Disc brake pads are always replaced in pairs (both fronts or both rears) to maintain even braking.
The calipers are the hydraulic components that squeeze the pads against the rotors. The calipers are mounted over the rotors and are attached to a bracket that bolts to the steering knuckle. Most calipers have one or two pistons, but some have up to four or more. Most calipers are cast iron (though some are aluminum) and have steel or molded phenolic (plastic) pistons.
Most calipers are a "floating" design with the piston(s) on the inside of the caliper only. A floating caliper also has slides or bushings that allow the caliper to move sideways so it can center itself over the rotor when the brakes are applied. When the piston moves out and pushes the inside pad against the inside of the rotor, the caliper slides inward and pulls the outside pad against the outside of the rotor. This clamping action is what applies the brakes.
There are also "fixed" calipers that do not slide. This type of caliper has a rigid mounting and there is no in or outward movement when the brakes are applied. A fixed caliper has pistons on BOTH sides of the rotor. When the brakes are applied, the inside and outside pistons move inward toward the rotor at the same time to squeeze the inner and outer pads against the rotor.
On vehicles that have four wheel disc brakes, the rear calipers may have an internal parking brake mechanism to hold the pads against the rotor. Pulling on the parking brake cable pushes the caliper piston outward to apply and lock the rear brakes. On some applications, a "mini-drum" inside the rear rotors is used for a parking brake.
Common problems with brake calipers include fluid leaks due to worn piston seals, and sticking which may be due to corrosion around he piston or corroded slides or bushings. Uneven pad wear (inner pad worn more than the outer pad) is a common symptom of caliper sticking.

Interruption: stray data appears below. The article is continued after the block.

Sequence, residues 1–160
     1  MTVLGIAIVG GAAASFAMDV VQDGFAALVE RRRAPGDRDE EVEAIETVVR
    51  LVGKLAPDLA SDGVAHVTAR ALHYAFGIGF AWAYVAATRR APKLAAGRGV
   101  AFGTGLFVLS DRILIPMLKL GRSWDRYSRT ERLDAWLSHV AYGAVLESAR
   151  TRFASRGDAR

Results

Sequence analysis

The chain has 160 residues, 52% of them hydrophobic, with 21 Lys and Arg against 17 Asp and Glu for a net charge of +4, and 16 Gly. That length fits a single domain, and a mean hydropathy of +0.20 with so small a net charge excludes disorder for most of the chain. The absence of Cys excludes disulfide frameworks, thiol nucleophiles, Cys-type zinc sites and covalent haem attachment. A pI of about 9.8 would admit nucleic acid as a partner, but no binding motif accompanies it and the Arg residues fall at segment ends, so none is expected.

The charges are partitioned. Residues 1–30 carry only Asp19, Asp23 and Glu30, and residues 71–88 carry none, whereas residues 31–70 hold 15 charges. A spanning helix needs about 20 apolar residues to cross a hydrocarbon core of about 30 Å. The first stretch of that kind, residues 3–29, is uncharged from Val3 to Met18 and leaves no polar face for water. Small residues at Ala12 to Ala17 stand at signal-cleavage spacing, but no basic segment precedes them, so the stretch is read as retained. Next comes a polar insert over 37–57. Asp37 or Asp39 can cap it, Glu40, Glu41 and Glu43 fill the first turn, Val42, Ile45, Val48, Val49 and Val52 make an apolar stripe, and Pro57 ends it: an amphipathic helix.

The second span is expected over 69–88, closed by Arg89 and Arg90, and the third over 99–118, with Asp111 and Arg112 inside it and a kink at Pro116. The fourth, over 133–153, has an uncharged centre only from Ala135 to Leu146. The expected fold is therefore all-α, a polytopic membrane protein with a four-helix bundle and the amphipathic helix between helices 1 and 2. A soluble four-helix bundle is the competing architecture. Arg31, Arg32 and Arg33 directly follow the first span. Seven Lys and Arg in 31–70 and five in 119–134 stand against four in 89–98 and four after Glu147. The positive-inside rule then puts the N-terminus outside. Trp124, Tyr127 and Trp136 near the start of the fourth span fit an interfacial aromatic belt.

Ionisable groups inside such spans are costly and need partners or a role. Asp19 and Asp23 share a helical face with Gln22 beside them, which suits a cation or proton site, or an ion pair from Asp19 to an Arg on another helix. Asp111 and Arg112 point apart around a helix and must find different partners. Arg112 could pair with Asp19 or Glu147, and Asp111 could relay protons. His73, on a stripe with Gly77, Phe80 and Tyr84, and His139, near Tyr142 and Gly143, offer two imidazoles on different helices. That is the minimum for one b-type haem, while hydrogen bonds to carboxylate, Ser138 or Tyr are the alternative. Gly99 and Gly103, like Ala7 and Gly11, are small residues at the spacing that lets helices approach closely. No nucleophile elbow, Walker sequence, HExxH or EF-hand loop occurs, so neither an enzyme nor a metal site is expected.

Leaky, sticking or damaged calipers should be rebuilt or replaced. Many brake experts recommend rebuilding or replacing the calipers on high mileage vehicles when the brakes are relined to prevent problems later on, even if the calipers are not yet leaking or causing any other problems.
Replacement calipers should have the same type of piston (steel or phenolic) as the original if only one side is being replaced. Otherwise, the type of piston used in the caliper does not matter unless you have a preference for one or the other. Steel pistons and aluminum pistons are stronger than phenolic pistons but can corrode and stick. Steel and aluminum also conduct heat from the pads to the caliper, which increases the temperature of the brake fluid in the caliper and may increase the risk of fluid boil and brake pedal fade during prolonged hard braking. Phenolic pistons are lighter, will not rust or corrode, and help insulate the caliper from heat. However, there have been some instances where phenolic pistons have absorbed moisture over time, causing them to swell and stick. This should not be an issue with calipers provided by a quality supplier.